crazy experiments: motors, frames and propellers

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  I got a crazylfie micro quadcopter for my birthday and love playing around with this remarkable open development kit. Yes, it’s not just a very small but powerful quadcopter, it is also comes with all the design files and the tools necessary to modify the software and/or hardware, which in it’s current state is already quite mature. Having said this, if you look for a ready to go quad copter with all cutting edge features – look elsewhere. While the hardware with it’s 10dof sensors, fast cpu and expandability is – considering it’s size – quite complete, there are still a lot things to be developed hard- but foremost software wise. But this is not a downside, because the product crazyflie is not exactly a quad copter, it is a quad copter construction kit with every bells and whistles whith a blog, a wiki, a forum with a whole quad copter construction community, inviting everyone to participate. And for that I’m just loving it.

In this spirit I startet some endeavors to make the crazyflie more the quadcopter I want. One thing I wantet was the crazyflie to be more powerful so that it could carry more payload and fly more stable outsides. Here are some results of my experiments with different motor sizes, frames and propellers on the crazyflie.

You can download all files emergerd while experimenting from this Git-Repository: https://github.com/Piesi/pCraze

This is the almost unmodified cf. The battery is bigger than the stock one (400mAh vs. 170mAh). This appears to be little too much, as the extra weight takes too much of the power the cf needs to stabilize it’s flight.

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Propellers                                                                                                                                                                           I wanted to know if I can use 3d-printed propellers, so I built this little test rig to measure the thrust, rpm and volts of a given propeller at 800mAh. I used an infrared distance sensor and my dsoquad oscilloscope to measure the rpm.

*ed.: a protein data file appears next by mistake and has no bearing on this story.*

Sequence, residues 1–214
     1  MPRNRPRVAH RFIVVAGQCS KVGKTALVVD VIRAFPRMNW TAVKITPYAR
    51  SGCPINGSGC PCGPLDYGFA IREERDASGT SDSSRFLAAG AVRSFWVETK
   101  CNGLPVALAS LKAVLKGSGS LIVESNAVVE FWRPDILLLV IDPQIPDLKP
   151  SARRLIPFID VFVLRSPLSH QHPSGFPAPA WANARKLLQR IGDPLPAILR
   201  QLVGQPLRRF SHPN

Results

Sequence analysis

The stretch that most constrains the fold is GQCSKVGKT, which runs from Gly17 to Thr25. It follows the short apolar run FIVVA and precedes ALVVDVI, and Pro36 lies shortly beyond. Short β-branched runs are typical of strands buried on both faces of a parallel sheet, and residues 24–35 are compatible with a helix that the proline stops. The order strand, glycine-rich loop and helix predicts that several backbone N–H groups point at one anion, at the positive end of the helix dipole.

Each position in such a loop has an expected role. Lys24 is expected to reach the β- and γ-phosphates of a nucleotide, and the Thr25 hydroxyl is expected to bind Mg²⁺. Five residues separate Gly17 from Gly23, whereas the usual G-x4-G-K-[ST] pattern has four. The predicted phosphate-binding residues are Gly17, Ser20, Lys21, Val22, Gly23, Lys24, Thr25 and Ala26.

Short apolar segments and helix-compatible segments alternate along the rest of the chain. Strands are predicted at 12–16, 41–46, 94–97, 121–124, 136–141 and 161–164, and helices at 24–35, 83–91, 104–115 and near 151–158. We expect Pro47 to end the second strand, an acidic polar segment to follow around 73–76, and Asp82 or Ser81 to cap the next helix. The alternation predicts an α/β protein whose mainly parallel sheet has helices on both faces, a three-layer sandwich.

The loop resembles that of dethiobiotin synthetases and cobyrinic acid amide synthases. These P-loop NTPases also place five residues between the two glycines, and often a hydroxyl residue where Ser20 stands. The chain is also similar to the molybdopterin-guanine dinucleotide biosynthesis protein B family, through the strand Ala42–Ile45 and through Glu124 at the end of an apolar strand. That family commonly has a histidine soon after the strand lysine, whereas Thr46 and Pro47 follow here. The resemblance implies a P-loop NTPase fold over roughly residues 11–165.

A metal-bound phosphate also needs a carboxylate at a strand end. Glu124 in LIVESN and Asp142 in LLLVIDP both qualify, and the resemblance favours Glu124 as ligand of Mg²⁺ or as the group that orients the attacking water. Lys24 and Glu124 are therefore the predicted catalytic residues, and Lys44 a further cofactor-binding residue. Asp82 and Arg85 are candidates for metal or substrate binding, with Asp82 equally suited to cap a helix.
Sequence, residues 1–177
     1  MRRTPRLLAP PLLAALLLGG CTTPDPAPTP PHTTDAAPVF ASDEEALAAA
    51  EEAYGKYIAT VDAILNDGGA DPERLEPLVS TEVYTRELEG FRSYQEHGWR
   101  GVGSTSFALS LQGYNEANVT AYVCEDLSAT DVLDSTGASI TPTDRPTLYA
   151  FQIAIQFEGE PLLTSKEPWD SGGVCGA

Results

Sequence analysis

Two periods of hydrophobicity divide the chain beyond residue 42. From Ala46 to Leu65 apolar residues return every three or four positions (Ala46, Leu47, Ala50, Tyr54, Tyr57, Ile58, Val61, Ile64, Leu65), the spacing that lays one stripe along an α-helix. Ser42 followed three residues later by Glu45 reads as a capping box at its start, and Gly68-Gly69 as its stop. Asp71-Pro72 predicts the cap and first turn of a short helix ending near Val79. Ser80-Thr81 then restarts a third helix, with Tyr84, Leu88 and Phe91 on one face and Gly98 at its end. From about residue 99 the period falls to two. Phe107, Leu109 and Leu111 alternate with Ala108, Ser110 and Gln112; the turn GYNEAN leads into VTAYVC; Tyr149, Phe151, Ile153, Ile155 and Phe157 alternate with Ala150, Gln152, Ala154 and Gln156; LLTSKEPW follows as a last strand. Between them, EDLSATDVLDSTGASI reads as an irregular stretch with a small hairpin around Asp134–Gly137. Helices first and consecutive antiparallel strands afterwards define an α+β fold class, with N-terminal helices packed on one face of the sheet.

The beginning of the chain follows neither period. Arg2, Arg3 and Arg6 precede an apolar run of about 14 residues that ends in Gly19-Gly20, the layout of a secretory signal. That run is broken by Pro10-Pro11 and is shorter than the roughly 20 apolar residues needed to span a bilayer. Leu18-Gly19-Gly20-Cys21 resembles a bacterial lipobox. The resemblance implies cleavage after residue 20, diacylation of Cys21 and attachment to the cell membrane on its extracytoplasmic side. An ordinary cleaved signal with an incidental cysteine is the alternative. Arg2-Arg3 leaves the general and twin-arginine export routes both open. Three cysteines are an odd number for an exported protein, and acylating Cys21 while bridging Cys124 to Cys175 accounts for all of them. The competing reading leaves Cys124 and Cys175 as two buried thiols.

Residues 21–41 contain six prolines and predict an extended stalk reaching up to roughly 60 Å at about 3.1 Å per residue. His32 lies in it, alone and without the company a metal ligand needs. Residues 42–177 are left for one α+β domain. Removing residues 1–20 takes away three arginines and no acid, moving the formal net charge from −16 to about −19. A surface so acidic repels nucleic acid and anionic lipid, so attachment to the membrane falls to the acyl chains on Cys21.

The stock propeller/motor combination gave me about 10g of thrust at 20250 rpm and 3.7 volts.DSC08598

This is the best performing propeller I was able to make. It can lift 7g @16560 rpm and 3.3v.

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Motors
I ordered four Hubsan A23 8.5*20 mm motors (the stock ones are 6*15mm) . You can get 4 of them on ebay for about 20€.

stock motorHubsan A23 motor

To attach them to the crazyflie, I had to make some motorholders with my 3d-printer. Because the A23 motors are much more powerful (30g lift@1.6 A) and heavy (1.7 vs 4.8 g) than the original ones, I was worried the little arms of the Crazyflie could brake. So I made this frame on which the Crazyflie can be attached.

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The new motors turned the Crazyflie into an uncontrollable rocked. there were several things to sort out before I ended up with a pleasing control over it. The first problem was that even the 400mAh rc-lipo wasn’t able to deliver sufficient current for the motors. I ended up using a turnigy 750mah lipo (18g) which seems to be adequate.

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The next problem was the pwm noise introduced  by the high motor current, which reached about 1.2V peak to peak on my oscilloscope. This noise interfered with the rc transmission so the cf lost connection as soon as throttle was pushed. To fix this, I used 3 470u(10V) capacitors, one of them connected to the battery terminals and the other two connected to vcom and ground.

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Update:
Here is a short video of testing a new frame which protects the propellers too:

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